Reaction to federal drug prosecution policy mixed

Reaction to federal drug prosecution policy mixed

A new federal policy means some drug offenders may not face stiff prison sentences.

U.S. Attorney General Eric Holder announced the change in California Monday, saying low-level non-violent drug offenders could avoid charges that would bring them lengthy mandatory prison sentences and allow judges to use more discretion in deciding their punishment.

“The reasoning is that we want to aggressively prosecute, but we cannot necessarily incarcerate ourselves out of problems,” said John Vaudreuil, U.S. attorney for the Western District of Wisconsin. “We can’t necessarily create a safer community here in Wisconsin by simply putting people in prison for longer times.”

Judge Greg Mathis, a retired Michigan Superior Court judge who also has a TV show dedicated to arbitration cases, was speaking Tuesday in Madison to the Charles Hamilton Houston Institute on issues with incarceration of young people and preventing a bigger prison population. He addressed the issue in an interview with WISC-TV.

“You must have (judicial) discretion, otherwise you may be wasting the taxpayer money,” said Mathis. “You put someone in jail as an easygoing person, and when they come out they are meaner and more violent because they have been exposed to such circumstances in prison.”

Don and Jan Weideman see it differently. Their son Cody died of a heroin overdose just a year ago and they have been fighting for longer mandatory minimum sentences for drug dealers.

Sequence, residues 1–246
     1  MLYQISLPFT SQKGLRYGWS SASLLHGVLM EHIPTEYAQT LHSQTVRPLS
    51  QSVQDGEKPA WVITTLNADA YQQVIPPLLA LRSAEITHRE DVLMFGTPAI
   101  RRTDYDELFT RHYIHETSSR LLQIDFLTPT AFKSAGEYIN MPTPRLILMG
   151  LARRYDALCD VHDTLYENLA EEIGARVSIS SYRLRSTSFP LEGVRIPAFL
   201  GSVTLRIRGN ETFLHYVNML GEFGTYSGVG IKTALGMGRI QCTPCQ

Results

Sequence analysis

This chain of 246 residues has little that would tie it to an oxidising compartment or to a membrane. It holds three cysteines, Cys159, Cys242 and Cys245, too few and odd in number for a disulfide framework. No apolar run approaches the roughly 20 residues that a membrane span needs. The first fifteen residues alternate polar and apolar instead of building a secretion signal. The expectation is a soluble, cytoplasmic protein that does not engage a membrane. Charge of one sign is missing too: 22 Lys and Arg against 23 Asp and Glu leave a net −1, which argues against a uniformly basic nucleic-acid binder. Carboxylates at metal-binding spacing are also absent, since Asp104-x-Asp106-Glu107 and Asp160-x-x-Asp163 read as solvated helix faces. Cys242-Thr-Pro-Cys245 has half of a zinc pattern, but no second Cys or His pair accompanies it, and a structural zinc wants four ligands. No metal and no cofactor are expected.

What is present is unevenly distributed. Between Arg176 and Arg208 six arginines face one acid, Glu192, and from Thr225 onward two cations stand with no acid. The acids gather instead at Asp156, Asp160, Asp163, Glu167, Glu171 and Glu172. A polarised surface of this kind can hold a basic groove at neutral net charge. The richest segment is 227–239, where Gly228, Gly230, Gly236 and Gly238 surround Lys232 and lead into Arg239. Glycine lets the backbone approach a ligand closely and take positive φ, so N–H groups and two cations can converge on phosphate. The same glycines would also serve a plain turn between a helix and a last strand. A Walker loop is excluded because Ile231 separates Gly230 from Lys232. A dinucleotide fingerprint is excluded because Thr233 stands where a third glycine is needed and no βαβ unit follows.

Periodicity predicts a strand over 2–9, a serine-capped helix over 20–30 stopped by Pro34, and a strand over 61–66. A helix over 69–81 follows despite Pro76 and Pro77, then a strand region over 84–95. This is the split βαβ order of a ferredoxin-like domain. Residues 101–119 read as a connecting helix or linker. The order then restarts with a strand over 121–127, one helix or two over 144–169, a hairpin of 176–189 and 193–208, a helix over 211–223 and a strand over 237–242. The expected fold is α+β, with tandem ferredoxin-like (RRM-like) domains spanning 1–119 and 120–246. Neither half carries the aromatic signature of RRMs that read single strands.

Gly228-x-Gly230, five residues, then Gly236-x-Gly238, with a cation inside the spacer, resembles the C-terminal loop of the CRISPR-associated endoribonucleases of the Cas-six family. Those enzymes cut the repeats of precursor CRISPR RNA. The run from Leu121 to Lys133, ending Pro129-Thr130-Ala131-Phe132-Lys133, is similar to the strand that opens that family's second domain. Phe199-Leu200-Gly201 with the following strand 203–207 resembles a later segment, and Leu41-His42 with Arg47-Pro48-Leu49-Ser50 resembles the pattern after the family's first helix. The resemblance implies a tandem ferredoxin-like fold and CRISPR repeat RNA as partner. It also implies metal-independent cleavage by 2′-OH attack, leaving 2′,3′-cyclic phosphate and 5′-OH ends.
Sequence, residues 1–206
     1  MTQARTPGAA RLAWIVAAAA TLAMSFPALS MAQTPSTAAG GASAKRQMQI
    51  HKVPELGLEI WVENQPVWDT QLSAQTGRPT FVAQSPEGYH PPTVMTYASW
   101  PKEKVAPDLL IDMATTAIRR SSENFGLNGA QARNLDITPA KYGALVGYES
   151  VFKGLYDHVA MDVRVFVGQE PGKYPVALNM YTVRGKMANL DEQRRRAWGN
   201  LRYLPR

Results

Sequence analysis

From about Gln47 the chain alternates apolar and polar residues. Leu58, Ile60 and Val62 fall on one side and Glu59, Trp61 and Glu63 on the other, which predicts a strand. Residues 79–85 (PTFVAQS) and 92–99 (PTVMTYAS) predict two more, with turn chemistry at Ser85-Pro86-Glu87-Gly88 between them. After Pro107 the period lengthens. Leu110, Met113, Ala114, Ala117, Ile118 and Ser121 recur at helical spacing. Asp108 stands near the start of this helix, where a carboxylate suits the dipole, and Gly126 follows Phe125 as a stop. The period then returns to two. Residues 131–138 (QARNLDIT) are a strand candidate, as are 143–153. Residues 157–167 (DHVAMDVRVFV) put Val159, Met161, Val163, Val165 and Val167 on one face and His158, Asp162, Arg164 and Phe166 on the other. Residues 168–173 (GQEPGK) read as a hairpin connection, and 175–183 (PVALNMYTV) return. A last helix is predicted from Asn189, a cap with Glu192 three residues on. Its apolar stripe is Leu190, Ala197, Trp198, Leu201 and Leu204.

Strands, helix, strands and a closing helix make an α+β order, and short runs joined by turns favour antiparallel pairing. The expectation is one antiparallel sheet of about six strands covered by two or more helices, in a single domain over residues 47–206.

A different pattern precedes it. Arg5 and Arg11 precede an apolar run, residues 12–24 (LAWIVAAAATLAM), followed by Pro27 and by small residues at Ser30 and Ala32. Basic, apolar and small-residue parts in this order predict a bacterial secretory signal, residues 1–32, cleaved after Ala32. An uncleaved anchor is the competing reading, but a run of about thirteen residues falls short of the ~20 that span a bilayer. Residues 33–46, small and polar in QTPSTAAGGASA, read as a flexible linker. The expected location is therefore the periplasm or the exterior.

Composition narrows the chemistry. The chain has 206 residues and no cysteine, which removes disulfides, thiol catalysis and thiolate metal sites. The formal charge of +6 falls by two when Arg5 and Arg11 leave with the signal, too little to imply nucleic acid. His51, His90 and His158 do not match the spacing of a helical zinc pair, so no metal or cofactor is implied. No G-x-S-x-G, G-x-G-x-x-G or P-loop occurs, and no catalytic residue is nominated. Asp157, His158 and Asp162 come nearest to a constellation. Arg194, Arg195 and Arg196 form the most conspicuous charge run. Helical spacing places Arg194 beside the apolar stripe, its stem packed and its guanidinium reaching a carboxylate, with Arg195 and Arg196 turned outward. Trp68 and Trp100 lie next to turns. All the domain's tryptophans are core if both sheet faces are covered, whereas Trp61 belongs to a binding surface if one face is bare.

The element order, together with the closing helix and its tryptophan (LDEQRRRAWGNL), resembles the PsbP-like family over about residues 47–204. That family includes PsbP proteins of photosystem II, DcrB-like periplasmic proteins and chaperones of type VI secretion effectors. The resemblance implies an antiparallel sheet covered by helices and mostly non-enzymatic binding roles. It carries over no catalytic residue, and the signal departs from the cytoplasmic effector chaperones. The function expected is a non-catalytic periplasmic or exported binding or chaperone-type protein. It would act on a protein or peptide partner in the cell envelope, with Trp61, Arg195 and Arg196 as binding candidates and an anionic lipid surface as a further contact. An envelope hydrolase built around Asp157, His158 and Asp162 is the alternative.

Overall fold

“We did everything we could to try and save our son but yet a drug dealer got to him the night he died and sold him some drugs,” said Don Weideman.

Reaction to federal drug prosecution policy mixed

They argue that keeping dealers of any kind off the street is the only way to reduce drugs and crime.

“Jan and I have been working hard to combat drug use and try and save lives,” said Weideman. “I don’t see how this is going to have a positive effect.”

Vaudreuil says while his office goes after people who are violent or have a criminal history or are high-level drug dealers; there are some cases he will be reviewing. Any case where someone has died or been seriously harmed as a result of drug dealing or use will not be eligible for avoiding the mandatory minimums.

“We are not hugging people who are selling drugs,” said Vaudreuil. “We are telling them if you’re not violent and you’re a low-level offender you have a chance. But don’t take advantage of it.”